Tuesday, October 04, 2016

EDITORIAL >> Our military Nonpartisan

The men and women in the military appreciate their special status in our society: They make sacrifices every day, which is why they earn the gratitude of the American people.

Our armed forces rise above politics and act as military professionals. It’s been our tradition since the American Revolution. They take their role seriously and focus on the job at hand and not on who is in the White House or in Congress or in our state legislatures. The military answers to the civilian service chiefs and the commander in chief and it reports to Congress, which approves the Pentagon’s budget every year. Sure there’s often meddling in Washington, but generally our military is left alone to pursue our nation’s goals and global responsibilities.

The trade off for the military is that it must remain nonpartisan, which is one reason why politicians cannot campaign for office on military bases. We’ve seen presidents at Little Rock Air Force Base, as well as governors, senators and legislators, but no one is supposed to pass out campaign literature. State legislators cannot drive to the air base with their campaign signs on their trucks.

Because of an oversight at the recent open house at the base, Patrick Thomas, a candidate for the state legislature, was allowed to set up a table and handed out campaign literature. Many veterans criticized Thomas, who should have known that such activities are not allowed at military installations. Sen. John McCain (R-Ariz.), for example, was criticized when his supporters hosted a coffee get-together for him on a base when he ran for president in 2008.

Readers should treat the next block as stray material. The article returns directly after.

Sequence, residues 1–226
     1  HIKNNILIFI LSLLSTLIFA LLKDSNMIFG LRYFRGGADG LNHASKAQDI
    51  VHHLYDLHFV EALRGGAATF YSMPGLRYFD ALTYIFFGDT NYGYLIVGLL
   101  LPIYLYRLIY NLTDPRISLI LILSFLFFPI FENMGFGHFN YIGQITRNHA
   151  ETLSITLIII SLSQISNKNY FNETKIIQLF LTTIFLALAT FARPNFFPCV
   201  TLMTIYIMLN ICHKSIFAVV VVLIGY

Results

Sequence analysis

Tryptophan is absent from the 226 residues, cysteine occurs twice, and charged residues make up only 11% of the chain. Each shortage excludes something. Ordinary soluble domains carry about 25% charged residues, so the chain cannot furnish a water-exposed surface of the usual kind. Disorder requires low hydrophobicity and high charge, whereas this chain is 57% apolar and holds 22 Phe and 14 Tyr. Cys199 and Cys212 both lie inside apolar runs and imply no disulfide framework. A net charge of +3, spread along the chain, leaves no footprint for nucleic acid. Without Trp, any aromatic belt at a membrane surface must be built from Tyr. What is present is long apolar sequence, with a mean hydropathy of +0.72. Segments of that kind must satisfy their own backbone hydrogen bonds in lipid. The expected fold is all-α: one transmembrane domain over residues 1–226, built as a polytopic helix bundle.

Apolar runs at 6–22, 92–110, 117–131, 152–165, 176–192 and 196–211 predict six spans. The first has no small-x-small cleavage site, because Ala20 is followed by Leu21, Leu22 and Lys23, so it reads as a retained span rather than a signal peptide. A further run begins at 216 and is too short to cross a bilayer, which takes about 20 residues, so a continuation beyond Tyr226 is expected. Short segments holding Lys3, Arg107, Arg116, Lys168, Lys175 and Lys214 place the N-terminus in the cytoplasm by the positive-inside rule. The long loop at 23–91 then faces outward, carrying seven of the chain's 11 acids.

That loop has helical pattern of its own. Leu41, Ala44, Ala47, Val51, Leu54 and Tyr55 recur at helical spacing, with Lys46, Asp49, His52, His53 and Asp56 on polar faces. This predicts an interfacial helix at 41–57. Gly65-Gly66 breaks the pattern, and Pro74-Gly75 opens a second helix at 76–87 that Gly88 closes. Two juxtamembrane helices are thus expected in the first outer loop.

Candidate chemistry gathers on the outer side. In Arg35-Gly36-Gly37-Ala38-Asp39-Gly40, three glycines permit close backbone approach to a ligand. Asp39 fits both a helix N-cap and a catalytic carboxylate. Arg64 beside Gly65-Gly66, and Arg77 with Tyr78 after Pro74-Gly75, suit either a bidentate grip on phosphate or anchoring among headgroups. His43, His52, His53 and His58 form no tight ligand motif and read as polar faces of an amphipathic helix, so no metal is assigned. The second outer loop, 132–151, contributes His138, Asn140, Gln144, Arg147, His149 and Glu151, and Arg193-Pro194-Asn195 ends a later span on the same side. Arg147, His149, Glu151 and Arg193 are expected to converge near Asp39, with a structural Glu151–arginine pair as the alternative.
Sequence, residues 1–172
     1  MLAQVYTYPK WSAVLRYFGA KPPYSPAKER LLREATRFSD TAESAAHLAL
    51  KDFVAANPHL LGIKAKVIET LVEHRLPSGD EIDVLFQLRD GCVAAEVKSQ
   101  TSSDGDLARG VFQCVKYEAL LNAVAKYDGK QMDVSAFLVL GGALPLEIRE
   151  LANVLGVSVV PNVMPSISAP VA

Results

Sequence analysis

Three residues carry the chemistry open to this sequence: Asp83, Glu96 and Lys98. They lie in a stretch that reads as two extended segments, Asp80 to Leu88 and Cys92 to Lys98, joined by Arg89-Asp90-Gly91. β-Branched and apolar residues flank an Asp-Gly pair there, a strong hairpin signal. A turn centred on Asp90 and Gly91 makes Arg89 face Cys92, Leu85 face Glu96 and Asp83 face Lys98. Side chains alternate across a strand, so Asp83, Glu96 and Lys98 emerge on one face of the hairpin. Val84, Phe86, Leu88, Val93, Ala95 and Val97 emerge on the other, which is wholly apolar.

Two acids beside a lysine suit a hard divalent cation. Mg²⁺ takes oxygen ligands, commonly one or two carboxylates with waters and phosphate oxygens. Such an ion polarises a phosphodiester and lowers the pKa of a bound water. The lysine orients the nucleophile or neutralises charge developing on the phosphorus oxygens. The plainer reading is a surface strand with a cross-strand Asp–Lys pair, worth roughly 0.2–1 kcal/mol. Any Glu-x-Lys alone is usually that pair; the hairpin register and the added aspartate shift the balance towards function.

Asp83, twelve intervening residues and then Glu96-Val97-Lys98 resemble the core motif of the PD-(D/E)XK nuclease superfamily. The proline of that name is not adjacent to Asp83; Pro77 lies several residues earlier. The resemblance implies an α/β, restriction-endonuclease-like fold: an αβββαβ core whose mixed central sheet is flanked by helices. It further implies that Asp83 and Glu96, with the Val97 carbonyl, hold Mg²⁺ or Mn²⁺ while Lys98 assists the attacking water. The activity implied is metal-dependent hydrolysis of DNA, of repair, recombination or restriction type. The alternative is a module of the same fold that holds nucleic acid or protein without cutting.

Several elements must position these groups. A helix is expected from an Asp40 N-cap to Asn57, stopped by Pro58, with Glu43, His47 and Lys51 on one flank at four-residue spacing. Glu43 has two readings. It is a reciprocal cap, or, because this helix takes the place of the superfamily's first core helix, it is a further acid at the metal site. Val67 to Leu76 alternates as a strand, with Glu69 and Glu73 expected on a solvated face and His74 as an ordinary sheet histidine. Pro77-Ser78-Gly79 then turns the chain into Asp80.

According to Department of Defense public-affairs guidance for political campaigns and elections, “While a candidate for public office is prohibited from engaging in political activity on a military installation, a sitting office holder who is up for re-election may be granted access to a military installation to engage in duties related to his elected office.”

There are rules for politicians and military members. Capt. Stephanie Howell, 19th Airlift Wing judge advocate at Little Rock Air Force Base, said recently, “Although military personnel are encouraged to vote, engaging in political activities is prohibited.”

“There are plenty of ways you can still get involved — and you should,” Howell said.

Service members can have political opinions, of course, but they must never suggest that their views are supported or endorsed by the Defense Department or a specific branch of service.

On social media, Howell said, service members and DOD civilians may become a “friend” of or “like,” the Facebook page, or “follow” the twitter account of a political party or partisan candidate, campaign, group or cause but cannot invite others to do the same.

“Some activities, although not expressly prohibited, may be contrary to the spirit of the regulation. Be especially careful of posting on social media — it’s easy to accidentally step over the line,” Howell said. “Campaigning for a candidate, soliciting contributions and marching in or attending a political campaign while in uniform are prohibited.”

It’s a two-way street: Politicians should have the same restrictions and respect the independence of our military when they visit our air base. Because when you’re there, it doesn’t matter if you’re Republican, Democrat, Independent, Libertarian or Green Party. We’re all Americans.

Candidates have plenty of opportunities to campaign elsewhere.